On the backs of teacher assistants
In this year’s budget, the Orange County Schools requested much more funding than last year claiming that the budget shortfall due to loss of impact fees and under-enrollment was creating a deficit. The county commissioners were blindsided by the drastic increase requested and did not meet the requested amount. According the statement from OCS, “The $222 per pupil deficit leaves the district facing a $1.6 million budget shortfall for the 2018-2019 school year.”
So what did the board decide to do? Of course, they adjusted their budget to balance it. First up, Teacher Assistants: “Beginning July 1, 2018, Teacher Assistants will work on an adjusted calendar schedule. Rather than reducing the number of Teacher Assistants, the number of days on their work calendar will be reduced. Traditional and Year Round calendar Teacher Assistants will be moving to a 201work day calendar. Currently, the Teacher workday calendar is 215 days, which includes 14 Teacher Workdays. This change alone will net a $250,000 savings to the local budget, and it will save Teacher Assistant positions.”
One quarter of a million dollars saved by cutting the pay for the lowest-paid people on staff – those who can afford the pay cut the least. What’s more, the ratio of teaching assistants who are African-American versus white is much higher than licensed staff. Instead of looking to how a 2 percent to 3 percent pay cut to central office staff might balance the budget (by the way, Central Office staff were all given substantial raises this past year), the decision-makers followed the trend of most corporate models to shaft the lower wrung framing it as “you should be happy we didn’t eliminate your job.”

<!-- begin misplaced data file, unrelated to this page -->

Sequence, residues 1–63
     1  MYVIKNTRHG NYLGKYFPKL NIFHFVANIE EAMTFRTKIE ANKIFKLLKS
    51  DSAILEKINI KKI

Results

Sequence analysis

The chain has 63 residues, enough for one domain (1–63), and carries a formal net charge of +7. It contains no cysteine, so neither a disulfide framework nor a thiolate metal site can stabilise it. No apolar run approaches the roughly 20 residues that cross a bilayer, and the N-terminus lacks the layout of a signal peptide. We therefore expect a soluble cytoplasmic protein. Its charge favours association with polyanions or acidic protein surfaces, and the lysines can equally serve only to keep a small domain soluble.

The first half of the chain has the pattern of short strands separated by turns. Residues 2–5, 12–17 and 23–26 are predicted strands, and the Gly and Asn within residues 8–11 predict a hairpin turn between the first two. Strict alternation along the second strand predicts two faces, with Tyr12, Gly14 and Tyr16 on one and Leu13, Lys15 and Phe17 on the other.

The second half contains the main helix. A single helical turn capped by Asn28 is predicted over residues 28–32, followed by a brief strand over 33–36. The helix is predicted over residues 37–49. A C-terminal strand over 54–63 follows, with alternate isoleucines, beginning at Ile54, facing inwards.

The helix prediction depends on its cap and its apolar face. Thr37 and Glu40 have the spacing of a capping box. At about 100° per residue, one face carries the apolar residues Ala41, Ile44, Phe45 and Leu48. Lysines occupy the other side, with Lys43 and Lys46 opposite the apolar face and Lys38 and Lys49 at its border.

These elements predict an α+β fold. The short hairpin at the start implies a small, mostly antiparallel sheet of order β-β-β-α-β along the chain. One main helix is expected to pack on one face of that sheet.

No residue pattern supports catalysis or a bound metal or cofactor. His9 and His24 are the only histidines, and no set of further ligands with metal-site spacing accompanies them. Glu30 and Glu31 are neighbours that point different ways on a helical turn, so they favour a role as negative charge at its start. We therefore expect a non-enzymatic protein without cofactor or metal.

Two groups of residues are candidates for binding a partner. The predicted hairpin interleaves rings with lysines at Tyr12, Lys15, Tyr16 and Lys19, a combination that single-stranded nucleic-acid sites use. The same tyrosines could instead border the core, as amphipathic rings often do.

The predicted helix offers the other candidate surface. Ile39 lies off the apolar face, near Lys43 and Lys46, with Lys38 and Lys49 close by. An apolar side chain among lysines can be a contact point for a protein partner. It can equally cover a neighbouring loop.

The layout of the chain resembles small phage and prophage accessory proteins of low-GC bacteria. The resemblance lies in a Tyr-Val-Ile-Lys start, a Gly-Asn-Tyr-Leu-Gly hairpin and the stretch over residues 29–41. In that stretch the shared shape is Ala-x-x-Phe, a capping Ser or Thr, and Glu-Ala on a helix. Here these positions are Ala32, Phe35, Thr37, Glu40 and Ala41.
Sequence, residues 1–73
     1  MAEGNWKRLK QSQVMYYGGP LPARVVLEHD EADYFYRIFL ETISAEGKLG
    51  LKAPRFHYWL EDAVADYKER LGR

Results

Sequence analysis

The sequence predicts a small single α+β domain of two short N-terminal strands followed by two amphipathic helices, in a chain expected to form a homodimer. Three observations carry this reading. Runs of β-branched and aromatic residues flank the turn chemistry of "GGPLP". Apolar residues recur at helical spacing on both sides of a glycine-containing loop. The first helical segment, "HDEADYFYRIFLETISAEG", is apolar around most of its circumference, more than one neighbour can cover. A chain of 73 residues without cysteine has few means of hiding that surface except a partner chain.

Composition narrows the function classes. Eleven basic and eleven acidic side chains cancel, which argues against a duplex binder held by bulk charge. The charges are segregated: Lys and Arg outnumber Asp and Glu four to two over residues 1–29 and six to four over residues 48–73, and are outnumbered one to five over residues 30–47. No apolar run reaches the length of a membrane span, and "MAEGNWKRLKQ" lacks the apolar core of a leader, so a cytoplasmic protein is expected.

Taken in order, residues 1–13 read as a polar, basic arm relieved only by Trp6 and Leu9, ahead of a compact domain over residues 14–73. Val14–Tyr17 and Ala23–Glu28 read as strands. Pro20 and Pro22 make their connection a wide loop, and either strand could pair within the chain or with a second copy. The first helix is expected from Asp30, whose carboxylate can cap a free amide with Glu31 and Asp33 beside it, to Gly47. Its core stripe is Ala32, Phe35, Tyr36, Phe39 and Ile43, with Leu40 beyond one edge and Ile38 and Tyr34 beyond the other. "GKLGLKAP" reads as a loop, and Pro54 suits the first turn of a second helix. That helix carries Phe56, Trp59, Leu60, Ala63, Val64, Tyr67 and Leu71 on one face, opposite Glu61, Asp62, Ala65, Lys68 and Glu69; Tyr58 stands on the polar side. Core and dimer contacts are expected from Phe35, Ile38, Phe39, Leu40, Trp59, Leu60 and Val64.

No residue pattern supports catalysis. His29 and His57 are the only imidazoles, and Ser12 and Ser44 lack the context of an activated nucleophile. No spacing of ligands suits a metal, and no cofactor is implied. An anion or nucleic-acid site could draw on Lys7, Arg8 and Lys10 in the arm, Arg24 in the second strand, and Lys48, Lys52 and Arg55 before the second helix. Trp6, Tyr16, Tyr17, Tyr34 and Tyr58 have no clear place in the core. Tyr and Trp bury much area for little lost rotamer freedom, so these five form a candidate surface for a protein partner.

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Shame on you Orange County Schools! You should be looking to use teacher assistant positions are a recruiting tool and teacher pipeline for the future of our district, not cutting their already low pay. The election has brought in some new blood, and I hope the new board adjusts the school system’s priorities to recognize the HUGE contribution teacher assistants make, not just to our youngest and most fragile students, but the teachers with whom they serve.
How these statues came to be
Regarding the guest column by Heather Redding "Southerners, whites benefited from slavery, whether they owned slaves or not" July 7):
Explaining the case against these monuments that celebrate the hateful history of our nation is obvious. The Confederacy fought for their right to own other people; terrible. After the Civil War they tried to rewrite and romanticize their story by elevating such monuments; Terrbile. Leaving them up in such prominent locations to this day: TERRIBLE.
Those who support the status quo only try to minimize the horror of slavery, and the evil that went on in the antebellum South. Glossing over or ignoring the sickness that continued during the Jim Crow era, when the call for white supremacy came around even louder, was how these statues came to be.
Enough is enough. Get ’em out of here.
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